## Raster DEM Slope Calculation Using GIS Slope Tool

A watershed average slope value is often needed in some hydrologic calculations, for example, Time of Concentration (TOC) estimation using NRCS Lag Time Method. The slope tool in AcrGIS or QGIS is usually used to create a slope raster file from a raster DEM which should be in a projected coordinate system. To get the average slope value over a watershed region (or a polygon), use the the zonal statistics tool in GIS to get the mean value.

**1. Create a slope raster file using Slope tool.**

First load the raster DEM file to QGIS and use the Slope tool to create a slope raster file (** Figure 1**). The math behind raster DEM slope calculation is explained here by ArcGIS. It is a good practice to convert the DEM vertical unit to the same one used by its projection system before calculating the slopes. In

**, if the vertical unit were meter instead of foot for the DEM raster input layer file, the**

*Figure 1***Ratio of vertical units to horizontal**should be typed in as 0.3048.

To calculate an average slope at next step, in ** Figure 1** the slope data type should be set as Percent instead of Degree. As explained in

**below, it does not make sense to calculate an arithmetic average slope value using slopes in Degree.**

*Figure 2***2. Calculate a watershed average slope value**

The zonal statistics tool is used to calculate an average slope value over a watershed polygon from the slope raster file created above using the watershed polygon shapefile as input layer (** Figure 3**). The new shapefile attribute table containing the average (mean) slope value is shown in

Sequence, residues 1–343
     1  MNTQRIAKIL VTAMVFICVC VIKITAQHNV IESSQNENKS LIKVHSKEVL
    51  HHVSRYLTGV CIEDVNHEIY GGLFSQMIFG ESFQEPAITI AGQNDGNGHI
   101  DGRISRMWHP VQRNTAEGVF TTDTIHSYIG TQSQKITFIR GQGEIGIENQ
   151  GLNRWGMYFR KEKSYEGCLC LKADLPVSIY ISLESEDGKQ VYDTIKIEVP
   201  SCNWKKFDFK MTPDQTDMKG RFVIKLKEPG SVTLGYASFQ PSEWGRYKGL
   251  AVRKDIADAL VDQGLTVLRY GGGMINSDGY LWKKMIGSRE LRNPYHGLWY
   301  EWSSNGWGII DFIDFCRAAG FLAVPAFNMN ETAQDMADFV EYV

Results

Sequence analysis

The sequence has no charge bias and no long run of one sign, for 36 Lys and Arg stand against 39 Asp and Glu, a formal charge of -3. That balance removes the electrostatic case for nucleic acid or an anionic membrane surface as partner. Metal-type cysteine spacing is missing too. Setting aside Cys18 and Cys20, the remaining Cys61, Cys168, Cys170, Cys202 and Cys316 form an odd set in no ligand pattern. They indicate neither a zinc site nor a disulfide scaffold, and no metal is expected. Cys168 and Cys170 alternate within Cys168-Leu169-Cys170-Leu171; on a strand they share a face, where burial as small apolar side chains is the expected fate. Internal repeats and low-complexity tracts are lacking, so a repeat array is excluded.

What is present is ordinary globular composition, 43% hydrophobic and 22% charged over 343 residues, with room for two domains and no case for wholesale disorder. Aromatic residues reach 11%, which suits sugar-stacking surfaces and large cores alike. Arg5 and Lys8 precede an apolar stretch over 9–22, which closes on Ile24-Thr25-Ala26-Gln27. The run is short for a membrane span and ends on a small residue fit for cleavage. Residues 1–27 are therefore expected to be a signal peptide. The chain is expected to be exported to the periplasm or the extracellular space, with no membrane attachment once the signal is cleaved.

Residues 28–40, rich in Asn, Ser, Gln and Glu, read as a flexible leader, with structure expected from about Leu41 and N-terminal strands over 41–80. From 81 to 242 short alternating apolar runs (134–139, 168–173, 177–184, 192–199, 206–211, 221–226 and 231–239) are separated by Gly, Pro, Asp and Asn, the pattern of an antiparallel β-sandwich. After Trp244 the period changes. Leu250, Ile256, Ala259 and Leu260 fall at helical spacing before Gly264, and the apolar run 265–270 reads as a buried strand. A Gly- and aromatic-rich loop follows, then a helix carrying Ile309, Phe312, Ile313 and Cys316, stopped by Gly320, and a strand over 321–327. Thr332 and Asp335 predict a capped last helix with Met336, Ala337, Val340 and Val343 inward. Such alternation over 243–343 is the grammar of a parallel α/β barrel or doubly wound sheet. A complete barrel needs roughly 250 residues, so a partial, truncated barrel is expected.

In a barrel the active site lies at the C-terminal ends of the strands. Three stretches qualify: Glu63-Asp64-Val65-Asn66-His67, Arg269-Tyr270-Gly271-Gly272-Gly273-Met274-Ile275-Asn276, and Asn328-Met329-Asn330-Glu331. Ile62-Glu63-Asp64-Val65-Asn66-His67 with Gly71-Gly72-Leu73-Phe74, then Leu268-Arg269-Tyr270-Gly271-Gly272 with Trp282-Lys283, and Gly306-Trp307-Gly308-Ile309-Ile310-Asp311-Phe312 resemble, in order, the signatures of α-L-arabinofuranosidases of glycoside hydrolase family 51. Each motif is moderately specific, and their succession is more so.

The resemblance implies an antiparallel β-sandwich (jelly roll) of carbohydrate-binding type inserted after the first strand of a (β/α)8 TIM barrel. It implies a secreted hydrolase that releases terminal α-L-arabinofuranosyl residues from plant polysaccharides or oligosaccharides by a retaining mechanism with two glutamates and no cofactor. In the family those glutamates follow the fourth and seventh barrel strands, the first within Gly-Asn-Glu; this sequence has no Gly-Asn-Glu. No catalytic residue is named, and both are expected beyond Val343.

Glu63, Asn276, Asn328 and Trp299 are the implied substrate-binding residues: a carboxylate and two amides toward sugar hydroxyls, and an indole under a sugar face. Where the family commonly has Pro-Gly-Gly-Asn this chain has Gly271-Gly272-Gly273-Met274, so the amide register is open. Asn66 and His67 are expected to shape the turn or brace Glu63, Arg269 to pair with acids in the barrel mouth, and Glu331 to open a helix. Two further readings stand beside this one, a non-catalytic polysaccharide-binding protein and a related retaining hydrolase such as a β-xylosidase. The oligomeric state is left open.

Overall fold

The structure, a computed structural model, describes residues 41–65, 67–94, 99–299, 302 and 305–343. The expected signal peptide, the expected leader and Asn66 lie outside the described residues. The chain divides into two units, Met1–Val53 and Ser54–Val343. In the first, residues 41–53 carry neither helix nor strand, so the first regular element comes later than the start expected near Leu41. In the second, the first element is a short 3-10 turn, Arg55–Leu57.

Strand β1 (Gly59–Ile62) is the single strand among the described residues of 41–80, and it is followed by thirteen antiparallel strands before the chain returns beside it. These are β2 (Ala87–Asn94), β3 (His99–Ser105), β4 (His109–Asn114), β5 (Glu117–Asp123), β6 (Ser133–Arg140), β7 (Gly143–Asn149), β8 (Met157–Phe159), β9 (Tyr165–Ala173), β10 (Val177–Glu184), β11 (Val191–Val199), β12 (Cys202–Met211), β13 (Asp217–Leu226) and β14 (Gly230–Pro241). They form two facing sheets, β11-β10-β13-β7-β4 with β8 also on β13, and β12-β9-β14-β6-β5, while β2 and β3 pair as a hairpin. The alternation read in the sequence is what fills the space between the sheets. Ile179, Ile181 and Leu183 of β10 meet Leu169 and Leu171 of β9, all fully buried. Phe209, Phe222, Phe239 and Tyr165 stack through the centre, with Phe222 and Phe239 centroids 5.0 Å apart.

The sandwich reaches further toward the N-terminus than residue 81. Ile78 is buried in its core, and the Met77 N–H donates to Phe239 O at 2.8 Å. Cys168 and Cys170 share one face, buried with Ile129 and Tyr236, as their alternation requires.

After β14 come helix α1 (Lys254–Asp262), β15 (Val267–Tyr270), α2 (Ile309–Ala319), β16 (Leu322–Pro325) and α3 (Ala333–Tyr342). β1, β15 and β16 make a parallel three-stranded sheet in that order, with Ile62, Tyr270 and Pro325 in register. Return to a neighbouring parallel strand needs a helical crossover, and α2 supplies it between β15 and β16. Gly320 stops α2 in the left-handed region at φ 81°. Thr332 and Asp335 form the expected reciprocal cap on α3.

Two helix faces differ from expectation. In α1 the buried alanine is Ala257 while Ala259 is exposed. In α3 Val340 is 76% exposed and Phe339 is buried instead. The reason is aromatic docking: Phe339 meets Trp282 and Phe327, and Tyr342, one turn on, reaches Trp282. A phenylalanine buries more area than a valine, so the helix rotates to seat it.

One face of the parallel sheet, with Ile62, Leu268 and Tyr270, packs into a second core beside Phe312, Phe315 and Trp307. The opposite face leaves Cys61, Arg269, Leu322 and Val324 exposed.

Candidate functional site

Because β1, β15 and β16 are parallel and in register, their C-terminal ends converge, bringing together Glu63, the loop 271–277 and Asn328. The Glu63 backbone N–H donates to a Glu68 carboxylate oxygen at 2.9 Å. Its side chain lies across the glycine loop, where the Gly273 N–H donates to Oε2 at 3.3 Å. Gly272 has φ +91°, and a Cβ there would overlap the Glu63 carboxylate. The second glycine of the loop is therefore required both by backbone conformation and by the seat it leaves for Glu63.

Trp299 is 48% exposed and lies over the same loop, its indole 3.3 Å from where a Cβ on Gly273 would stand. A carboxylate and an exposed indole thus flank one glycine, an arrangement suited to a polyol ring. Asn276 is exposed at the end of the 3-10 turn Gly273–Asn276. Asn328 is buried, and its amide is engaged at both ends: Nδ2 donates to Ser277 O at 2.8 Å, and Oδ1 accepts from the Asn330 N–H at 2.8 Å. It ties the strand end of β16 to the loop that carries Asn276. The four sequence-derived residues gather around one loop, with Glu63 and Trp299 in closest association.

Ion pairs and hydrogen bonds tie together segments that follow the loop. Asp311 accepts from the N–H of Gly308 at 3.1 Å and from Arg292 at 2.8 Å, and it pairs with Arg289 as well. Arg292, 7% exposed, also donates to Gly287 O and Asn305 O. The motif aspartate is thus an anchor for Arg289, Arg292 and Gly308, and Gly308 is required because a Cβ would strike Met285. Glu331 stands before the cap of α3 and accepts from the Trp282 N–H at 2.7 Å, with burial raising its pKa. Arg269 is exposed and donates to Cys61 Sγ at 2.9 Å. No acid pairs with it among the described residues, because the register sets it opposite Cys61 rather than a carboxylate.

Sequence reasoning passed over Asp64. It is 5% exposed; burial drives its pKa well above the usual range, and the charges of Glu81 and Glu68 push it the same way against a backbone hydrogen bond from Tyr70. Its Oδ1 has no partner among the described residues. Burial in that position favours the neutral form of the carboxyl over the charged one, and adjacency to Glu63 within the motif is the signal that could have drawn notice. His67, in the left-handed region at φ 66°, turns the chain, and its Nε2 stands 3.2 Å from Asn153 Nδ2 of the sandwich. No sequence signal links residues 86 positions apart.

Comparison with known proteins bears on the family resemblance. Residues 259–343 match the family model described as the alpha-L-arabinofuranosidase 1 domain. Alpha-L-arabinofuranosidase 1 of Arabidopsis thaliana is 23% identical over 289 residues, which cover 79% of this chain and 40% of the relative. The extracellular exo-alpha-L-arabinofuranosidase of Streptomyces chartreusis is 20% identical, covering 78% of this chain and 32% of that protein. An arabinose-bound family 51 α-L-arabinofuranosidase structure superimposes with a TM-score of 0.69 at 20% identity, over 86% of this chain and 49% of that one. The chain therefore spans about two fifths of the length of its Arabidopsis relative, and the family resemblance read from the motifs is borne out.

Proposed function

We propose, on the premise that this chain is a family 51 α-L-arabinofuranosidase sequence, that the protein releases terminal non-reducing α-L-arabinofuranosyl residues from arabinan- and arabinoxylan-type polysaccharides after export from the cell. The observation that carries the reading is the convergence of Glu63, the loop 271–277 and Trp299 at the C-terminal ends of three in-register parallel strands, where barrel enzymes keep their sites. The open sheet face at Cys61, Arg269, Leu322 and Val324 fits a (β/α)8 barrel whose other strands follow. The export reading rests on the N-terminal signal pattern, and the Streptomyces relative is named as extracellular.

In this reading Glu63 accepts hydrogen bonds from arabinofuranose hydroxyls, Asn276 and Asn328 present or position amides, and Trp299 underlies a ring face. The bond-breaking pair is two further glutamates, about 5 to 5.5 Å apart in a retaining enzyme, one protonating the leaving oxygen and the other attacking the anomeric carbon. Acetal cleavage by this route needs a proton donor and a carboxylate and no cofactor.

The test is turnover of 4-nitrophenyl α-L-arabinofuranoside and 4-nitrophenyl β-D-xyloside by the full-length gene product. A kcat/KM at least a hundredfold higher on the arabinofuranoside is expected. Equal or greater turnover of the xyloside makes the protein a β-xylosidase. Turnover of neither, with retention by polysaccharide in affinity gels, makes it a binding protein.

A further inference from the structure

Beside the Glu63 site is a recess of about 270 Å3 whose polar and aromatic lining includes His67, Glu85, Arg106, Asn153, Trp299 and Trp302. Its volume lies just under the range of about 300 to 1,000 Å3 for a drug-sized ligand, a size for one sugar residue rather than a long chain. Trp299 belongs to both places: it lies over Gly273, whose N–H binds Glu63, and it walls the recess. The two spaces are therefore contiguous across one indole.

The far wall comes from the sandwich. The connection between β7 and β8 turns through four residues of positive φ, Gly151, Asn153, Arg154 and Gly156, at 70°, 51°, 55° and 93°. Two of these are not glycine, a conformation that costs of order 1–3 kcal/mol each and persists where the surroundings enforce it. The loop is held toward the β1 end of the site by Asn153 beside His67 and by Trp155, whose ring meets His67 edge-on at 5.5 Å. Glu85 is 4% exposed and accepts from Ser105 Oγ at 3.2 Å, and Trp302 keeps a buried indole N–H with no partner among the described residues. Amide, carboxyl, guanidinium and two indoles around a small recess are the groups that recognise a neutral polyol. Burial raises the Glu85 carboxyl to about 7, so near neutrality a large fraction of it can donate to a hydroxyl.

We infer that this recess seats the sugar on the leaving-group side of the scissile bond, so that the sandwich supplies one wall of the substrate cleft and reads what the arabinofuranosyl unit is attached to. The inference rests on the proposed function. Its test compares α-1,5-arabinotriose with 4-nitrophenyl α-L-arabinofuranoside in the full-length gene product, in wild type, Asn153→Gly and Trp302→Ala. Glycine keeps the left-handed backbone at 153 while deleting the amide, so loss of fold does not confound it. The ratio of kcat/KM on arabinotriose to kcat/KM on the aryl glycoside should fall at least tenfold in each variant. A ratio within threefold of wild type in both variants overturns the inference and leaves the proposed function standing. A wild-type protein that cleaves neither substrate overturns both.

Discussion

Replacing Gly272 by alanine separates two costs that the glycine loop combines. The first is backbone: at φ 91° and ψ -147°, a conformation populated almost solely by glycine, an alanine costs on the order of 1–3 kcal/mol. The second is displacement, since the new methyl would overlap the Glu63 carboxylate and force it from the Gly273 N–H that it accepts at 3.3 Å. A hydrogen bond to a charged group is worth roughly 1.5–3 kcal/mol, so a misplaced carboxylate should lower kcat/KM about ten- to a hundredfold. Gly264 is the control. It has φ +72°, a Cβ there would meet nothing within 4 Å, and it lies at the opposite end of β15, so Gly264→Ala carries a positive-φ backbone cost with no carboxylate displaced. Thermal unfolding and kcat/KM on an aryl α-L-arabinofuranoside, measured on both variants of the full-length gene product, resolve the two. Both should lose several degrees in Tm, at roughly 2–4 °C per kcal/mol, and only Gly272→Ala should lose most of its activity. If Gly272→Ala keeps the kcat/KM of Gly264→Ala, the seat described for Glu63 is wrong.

**: the average slope for**

*Figure 4***is 4.45% in this example.**

*watershed1*When calculating a watershed average slope value, considerations should be given to the followings:

1. Resample DEM or not

When dealing with a high resolution raster DEM file, sometimes it is preferable to resample the raster DEM file to a coarser resolution to remove the effect of misleading noise or micro-undulations; otherwise, the calculated average slope may be much greater than the hydrologically effective slope of the watershed.

In a set of example data, a 3.28ft (1 meter) resolution raster DEM was resampled to 100ft, 200ft, 400ft, and 600ft resolutions and their corresponding average slopes are summarized and compared in ** Table 1**.

It is going to be a modeler’s judgment call whether or not to resample a high resolution DEM to calculate a watershed average slope and which coarse resolution should to be used for such a purpose.

2. Fill DEM or not

A raster DEM may need to be filled first to create a depressionless DEM before applying the Slope tool to create a slope raster file to reflect the hydrologically effective slopes of a watershed. The finer a DEM resolution is, the greater impact filling DEM is having on slope values. After being filled, the above example DEM with 3.28ft resolution will result in an average watershed slope of 3.40% Vs. 4.45% without being filled; the example DEM with 200ft resolution will end up with an average watershed slope of 1.57% Vs. 1.74% without being filled. The optional DEM filling process is another judgment call that a H&H modeler has to make.

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